Guitar Hero
shares a lot with the Madden games: both franchises are based around activities that you could conceivably do beyond your console; both offer "variation on a theme" gameplay; and now it looks as if both will be locked into a yearly release schedule. RedOctane president Kai Huang has stated that fans can expect a
new iteration of Guitar Hero every year. This is in addition to content packs and musical sidequests, such as the upcoming 80s edition. Because nothing pleases the fans like endless repeat purchases of what is essentially the same game.

Incidentally, the same article mentions that Huang is aware of the outcry over how additional songs are priced on the Xbox Live Marketplace. He makes it known that his company will consider changing the pricing structure, since the fans have started frothing at the mouth.

Most of my experience with Neo Geo games came from the (various, defunct) arcades around town. I knew one kid who owned the console. He also owned a solid gold puppy. Now, in an interview with IGN, SNK president Ben Herman has announced that the Wii Virtual Console will starting distributing Neo Geo games this summer, bringing the greatness into the houses of a good many more people than the original console ever reached. Even better, the games won’t cost $500 individually, or whatever they were, but instead will land somewhere just Northwards of the $8 SNES pricing per game.

I’ve got to throw in a couple bucks of my opinions on the recent Virginia Tech shootings and the expected (unreasonable) condemnation of violent videogames. Joystiq has a well-meaning declaration by Kyle Orland right now, which implies something worthwhile but doesn’t quite make it there. What the carnival of pundits crying out against videogames are trying to do, with their many armchair degrees, is draw a cognitive link between densensitization and insensitive action. That represents a huge leap in brain function. Issuing a statement such as Orland’s, which claims that the author knows the difference between fantasy and reality, misses one key factor: we don’t even have to drag fantasy into this. The human brain just doesn’t function on opposites, such as the insistance that passive receipt of violence can be the source of the action of violence. This is a good time to trot out this fascinating body of work by prominent sociologist Karen Sternheimer.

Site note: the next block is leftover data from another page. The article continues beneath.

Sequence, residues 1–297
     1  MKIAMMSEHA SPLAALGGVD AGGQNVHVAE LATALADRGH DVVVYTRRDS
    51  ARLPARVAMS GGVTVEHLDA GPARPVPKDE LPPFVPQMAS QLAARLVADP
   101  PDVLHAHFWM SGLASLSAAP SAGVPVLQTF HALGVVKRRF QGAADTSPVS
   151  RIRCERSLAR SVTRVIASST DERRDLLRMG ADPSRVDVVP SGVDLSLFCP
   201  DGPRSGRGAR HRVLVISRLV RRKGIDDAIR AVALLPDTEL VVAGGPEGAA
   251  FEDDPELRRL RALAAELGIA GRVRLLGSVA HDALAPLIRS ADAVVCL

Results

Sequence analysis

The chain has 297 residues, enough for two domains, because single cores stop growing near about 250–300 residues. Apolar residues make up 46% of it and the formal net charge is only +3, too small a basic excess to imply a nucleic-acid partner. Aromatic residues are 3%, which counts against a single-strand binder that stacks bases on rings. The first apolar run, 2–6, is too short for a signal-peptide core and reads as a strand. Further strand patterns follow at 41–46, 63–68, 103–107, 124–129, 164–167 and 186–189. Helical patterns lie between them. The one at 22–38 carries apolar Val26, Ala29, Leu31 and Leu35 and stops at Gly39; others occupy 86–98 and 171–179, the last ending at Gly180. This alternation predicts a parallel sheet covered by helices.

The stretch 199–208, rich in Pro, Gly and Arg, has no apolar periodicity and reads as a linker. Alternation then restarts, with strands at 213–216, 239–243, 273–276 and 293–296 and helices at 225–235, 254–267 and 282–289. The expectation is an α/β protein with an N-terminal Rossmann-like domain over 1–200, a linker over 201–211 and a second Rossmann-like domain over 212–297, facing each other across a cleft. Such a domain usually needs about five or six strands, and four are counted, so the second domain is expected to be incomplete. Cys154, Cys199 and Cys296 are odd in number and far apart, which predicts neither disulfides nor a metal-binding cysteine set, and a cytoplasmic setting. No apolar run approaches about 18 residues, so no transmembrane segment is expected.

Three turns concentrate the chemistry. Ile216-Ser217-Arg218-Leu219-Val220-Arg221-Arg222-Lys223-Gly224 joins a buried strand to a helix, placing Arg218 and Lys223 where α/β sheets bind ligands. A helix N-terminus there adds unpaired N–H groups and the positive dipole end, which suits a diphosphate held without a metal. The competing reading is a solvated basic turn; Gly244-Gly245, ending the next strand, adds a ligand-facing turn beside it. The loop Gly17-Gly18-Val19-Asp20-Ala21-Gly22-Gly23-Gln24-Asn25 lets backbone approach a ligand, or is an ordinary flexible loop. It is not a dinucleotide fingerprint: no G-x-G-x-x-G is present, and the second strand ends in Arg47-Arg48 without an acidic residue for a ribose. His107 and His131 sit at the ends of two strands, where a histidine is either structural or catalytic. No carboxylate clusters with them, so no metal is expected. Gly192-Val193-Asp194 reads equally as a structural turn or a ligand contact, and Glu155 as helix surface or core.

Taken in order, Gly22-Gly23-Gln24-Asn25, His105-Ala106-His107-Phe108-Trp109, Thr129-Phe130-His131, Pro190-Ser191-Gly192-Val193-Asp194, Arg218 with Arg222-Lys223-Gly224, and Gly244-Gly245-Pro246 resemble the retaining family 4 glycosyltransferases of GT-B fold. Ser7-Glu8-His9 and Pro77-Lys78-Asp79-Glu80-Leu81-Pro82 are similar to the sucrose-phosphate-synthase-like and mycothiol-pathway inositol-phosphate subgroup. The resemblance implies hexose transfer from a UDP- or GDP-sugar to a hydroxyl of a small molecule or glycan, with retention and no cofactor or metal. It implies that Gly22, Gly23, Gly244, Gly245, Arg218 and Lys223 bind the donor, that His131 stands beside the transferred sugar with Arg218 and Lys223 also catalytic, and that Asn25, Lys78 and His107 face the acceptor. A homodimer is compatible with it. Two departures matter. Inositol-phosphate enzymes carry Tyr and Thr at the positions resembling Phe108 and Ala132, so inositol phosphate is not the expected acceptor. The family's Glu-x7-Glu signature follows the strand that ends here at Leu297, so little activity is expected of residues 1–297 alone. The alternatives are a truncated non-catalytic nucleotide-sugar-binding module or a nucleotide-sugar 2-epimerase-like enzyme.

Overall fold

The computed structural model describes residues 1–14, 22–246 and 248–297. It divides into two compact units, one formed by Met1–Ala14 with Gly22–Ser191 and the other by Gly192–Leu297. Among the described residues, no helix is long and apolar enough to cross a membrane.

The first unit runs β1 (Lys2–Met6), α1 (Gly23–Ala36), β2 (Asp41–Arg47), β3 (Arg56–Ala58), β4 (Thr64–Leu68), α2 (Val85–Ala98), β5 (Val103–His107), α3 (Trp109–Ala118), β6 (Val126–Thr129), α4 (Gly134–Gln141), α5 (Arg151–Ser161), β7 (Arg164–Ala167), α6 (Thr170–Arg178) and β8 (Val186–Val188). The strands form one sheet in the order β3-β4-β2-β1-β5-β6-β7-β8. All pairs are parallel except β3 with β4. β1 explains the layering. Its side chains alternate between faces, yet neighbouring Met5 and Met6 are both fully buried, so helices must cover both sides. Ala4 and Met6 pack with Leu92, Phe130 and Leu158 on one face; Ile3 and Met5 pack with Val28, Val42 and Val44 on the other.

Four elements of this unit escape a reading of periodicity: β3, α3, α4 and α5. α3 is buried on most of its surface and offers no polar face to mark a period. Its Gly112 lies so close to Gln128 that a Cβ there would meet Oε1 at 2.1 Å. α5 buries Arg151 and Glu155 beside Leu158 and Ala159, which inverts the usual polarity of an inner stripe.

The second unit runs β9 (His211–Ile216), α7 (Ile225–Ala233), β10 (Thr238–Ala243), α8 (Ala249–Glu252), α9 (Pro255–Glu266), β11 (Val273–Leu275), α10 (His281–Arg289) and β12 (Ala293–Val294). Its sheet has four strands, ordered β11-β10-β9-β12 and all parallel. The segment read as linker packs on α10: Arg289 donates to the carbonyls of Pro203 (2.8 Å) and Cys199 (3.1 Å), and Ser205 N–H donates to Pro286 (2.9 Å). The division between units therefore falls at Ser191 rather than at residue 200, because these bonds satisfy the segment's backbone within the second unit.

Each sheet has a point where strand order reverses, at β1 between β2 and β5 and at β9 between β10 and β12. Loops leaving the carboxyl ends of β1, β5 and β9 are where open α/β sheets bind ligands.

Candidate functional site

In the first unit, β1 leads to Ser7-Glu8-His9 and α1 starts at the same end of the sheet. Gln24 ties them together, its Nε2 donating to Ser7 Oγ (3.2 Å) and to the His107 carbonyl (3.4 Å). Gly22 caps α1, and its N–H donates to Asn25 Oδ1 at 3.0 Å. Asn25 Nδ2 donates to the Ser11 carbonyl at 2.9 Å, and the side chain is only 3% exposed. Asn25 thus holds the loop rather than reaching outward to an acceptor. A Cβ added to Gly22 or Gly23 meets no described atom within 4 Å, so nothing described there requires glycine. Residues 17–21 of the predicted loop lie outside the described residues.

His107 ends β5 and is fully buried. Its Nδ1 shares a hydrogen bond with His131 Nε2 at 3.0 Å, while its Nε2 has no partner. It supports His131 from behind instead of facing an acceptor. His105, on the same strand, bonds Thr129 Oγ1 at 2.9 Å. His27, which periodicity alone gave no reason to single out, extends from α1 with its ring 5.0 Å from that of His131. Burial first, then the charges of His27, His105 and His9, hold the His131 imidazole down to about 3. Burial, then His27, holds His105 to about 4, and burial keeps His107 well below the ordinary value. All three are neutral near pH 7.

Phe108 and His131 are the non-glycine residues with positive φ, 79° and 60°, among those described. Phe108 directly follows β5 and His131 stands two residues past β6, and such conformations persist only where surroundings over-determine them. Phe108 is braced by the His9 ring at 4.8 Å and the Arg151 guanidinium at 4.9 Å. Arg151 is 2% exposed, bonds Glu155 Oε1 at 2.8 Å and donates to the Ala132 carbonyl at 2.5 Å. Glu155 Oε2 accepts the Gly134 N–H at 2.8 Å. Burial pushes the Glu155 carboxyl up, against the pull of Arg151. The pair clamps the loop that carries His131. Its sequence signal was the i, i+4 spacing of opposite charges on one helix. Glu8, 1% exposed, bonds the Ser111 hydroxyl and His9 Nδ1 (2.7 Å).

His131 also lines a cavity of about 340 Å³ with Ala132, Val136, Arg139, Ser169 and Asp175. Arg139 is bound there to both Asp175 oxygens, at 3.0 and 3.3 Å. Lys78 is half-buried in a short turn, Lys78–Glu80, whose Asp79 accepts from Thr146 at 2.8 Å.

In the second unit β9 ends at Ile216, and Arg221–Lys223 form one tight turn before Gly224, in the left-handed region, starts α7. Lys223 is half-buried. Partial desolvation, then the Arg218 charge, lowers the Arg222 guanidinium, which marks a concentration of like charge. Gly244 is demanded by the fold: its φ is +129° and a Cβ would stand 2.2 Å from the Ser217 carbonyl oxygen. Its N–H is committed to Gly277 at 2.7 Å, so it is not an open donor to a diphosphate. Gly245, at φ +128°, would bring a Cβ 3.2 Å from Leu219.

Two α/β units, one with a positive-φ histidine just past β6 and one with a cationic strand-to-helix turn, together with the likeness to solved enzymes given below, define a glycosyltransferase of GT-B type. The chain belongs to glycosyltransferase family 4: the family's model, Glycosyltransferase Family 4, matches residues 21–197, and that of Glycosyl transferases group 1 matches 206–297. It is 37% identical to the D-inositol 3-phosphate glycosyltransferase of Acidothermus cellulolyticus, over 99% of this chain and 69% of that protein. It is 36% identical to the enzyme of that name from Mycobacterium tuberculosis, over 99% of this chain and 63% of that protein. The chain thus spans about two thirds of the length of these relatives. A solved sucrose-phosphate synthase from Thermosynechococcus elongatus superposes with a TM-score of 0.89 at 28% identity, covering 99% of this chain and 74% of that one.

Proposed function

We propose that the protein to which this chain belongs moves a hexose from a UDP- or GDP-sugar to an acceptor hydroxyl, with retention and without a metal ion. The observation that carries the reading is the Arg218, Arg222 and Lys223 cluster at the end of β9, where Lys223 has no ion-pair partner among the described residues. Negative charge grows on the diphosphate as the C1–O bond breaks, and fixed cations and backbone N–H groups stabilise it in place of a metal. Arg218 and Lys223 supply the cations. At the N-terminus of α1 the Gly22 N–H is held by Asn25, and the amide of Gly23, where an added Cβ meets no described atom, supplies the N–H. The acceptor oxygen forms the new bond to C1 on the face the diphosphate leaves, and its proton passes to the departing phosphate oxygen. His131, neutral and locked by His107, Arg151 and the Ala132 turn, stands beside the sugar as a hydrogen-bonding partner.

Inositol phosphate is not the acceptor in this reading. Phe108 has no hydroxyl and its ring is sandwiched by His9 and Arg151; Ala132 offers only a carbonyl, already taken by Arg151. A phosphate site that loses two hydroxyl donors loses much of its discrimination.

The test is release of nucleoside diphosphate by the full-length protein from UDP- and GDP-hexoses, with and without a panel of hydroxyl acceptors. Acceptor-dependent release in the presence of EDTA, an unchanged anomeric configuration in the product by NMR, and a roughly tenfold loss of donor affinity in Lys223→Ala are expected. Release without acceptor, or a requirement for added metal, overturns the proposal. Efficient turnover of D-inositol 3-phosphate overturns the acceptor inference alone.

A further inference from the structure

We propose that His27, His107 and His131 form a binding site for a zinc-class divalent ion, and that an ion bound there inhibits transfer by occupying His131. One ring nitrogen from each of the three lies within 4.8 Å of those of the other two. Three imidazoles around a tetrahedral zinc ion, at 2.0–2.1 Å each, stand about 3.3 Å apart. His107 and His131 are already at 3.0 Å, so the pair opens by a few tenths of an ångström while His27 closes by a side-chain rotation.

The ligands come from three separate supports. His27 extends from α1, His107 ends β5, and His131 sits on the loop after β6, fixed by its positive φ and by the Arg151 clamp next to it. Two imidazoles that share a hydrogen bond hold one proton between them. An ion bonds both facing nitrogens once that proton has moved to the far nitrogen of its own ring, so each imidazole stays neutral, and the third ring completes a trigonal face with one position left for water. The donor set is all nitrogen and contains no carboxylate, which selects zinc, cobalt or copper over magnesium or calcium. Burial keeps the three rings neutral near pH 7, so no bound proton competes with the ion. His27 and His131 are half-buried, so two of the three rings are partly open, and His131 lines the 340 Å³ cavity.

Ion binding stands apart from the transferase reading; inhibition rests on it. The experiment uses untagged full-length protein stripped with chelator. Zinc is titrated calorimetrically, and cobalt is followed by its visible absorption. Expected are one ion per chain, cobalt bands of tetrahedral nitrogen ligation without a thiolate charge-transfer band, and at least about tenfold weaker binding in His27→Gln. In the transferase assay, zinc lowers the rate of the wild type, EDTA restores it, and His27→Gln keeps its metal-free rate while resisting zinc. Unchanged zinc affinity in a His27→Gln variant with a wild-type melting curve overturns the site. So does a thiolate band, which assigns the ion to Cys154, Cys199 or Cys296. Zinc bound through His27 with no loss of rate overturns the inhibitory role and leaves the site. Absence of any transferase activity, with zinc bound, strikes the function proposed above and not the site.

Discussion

What if the pundits are right? What if our mirror neurons make the semi-active process of gaming identical to participating in original violent acts? In that case, this lengthy and enjoyable article by Richard Cobbett on the topic of the Leisure Suit Larry series has reminded me that I, too, think quite highly of my prowess in bed and ought to really get on seducing all the eligible ladies around here. I also think that lounge music is cool.

A little blurb here for an upcoming PSP game called Zendoku, which aims to do for Sudoku what Puzzle Quest did for Bejeweled. The gameplay trailer in the link hasn’t done much to sell me on the concept, but I blame that at least partially on the inclusion of weird, off-topic minigames that seem to feature heavily in the gameplay. That shit looks as though it ought to be done with a stylus. In a Wario Ware title.

Finally today, Shacknews brings us word of yet another nifty community-building measure being undertaken by Microsoft. The Big M, along with their sponsor the New York Television Festival, would like budding creative types to submit "pilot episodes" in the form of 5-15 minute shorts. The show with the most potential will get a $100,000 budget to make a six-episode run for distribution via the Xbox Live Marketplace. I love each and every effort that Microsoft makes to involve end-users and amateurs in the Marketplace. An entry kit is available in the link. Snap to it!